Along with his later 8 1/2, La Dolce Vita is regarded as one of acclaimed Italian director Federico Fellini's best-loved and most influential films. The '60s-set tale of one man's struggle with the so-called "sweet life" stars Marcello Mastroi
Mágico e inesquecível, representa não apenas um fascinante estudo de personagem, mas também um mergulho dilacerante na fragilidade humana. E Ekberg tornou-se, para sempre, uma das maiores personificações de sensualidade oferecidas pelo Cinema.
Perhaps many spectators will squirm at the three-hour length of the film or of some of its sequences (though director Federico Fellini cut some 30 minutes from his final print), yet others will never notice they've sat that long.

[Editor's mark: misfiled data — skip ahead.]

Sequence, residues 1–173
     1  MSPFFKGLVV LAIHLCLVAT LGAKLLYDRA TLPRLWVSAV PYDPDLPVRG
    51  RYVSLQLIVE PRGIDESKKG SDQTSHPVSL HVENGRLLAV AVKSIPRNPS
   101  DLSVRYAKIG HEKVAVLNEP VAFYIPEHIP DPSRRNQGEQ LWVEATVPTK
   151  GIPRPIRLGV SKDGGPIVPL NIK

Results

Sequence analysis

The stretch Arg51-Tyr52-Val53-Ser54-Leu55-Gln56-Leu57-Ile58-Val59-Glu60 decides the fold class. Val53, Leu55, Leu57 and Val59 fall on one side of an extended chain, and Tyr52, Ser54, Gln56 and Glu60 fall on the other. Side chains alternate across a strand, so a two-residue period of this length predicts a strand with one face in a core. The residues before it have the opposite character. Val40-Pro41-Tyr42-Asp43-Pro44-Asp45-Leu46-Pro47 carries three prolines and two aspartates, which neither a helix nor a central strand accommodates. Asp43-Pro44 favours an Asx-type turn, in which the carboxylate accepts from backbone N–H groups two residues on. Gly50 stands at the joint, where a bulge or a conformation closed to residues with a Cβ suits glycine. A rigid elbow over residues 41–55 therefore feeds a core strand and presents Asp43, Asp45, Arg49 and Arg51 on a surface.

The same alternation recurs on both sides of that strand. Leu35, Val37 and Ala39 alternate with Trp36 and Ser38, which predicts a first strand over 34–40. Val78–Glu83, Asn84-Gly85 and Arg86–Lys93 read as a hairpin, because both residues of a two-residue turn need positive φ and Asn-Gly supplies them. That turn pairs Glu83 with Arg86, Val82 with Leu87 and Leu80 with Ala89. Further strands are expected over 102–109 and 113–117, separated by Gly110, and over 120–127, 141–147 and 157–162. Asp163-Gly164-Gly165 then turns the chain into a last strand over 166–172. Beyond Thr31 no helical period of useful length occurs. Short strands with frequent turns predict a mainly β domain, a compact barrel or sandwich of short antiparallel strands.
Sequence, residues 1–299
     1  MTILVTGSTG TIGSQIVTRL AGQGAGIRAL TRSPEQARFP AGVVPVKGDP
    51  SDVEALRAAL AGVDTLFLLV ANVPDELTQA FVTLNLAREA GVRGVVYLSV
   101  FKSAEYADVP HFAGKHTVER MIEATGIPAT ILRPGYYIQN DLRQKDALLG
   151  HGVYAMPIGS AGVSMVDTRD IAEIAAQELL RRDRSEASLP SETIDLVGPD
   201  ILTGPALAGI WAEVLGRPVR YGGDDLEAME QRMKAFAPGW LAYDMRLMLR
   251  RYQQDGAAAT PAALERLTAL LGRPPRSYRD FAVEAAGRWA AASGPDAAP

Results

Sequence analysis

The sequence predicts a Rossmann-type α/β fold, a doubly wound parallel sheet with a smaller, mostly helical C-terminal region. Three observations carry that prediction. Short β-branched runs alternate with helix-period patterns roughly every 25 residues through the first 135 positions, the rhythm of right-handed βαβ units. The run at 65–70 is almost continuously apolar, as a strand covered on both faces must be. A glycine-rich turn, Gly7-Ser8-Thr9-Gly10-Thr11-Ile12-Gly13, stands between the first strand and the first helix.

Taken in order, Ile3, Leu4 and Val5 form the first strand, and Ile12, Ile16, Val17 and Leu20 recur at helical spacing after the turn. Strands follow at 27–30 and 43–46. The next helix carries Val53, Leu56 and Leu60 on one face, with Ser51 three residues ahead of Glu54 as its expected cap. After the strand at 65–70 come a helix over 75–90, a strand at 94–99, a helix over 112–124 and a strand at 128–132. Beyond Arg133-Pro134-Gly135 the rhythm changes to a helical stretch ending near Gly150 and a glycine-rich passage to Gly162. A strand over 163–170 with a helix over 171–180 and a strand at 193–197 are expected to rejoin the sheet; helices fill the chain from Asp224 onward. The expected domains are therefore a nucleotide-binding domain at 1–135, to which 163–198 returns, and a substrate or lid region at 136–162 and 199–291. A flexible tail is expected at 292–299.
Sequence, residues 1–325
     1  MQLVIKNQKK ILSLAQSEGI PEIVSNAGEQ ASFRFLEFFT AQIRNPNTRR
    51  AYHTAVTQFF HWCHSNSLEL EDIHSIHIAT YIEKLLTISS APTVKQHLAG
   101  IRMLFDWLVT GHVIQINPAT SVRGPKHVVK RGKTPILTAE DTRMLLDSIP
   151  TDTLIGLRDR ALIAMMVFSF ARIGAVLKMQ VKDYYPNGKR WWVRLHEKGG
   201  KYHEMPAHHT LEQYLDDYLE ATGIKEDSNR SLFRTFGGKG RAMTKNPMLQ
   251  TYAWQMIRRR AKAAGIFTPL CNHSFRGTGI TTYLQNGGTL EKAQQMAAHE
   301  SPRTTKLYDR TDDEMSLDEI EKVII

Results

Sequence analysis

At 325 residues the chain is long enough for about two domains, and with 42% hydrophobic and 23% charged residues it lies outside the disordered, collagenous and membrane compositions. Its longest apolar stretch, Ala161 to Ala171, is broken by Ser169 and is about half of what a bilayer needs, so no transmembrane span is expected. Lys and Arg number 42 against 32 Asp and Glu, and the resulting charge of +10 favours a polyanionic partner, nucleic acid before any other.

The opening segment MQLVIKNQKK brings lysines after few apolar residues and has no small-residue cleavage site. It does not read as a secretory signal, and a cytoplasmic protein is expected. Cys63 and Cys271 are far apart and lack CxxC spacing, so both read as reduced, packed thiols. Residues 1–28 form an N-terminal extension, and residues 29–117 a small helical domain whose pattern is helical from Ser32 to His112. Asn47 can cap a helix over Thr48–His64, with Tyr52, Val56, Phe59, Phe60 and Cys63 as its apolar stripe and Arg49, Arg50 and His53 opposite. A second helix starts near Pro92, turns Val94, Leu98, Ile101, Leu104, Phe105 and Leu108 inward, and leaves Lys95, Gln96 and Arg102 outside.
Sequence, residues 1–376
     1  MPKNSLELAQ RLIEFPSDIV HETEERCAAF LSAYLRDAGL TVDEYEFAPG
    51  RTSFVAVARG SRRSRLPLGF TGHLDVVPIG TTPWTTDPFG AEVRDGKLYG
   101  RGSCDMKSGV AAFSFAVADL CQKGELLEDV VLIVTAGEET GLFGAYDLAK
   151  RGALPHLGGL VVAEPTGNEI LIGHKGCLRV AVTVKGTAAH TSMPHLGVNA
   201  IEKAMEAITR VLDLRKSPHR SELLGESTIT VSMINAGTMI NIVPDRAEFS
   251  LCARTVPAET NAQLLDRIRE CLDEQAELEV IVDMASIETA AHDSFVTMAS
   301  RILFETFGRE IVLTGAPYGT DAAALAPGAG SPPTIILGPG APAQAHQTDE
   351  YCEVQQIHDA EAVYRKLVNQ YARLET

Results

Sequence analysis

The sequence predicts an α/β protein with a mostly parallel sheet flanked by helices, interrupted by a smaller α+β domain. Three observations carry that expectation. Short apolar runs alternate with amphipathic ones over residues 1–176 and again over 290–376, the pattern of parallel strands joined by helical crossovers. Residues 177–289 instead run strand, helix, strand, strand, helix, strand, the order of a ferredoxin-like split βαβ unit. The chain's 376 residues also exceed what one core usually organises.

After what we've seen of decadence during the past three decades or so, La Dolce Vita now seems tame, but people wasting time in nightclubs, dancing in the fountains of Rome, and just generally hanging out seemed a bit of a shock in 1960.
There are perhaps a couple of party scenes too many, and the peripheral characters can be unconvincing, but the stylish cinematography and Fellini's bizarre, extravagant visuals are absolutely riveting.
Made at the peak of Fellini's career, La Dolce Vita provided the first look into Rome's decadent cafe society, boasting superlative performances from Marcello Mastroianni, Anouk Aimee, Anita Ekberg, and others.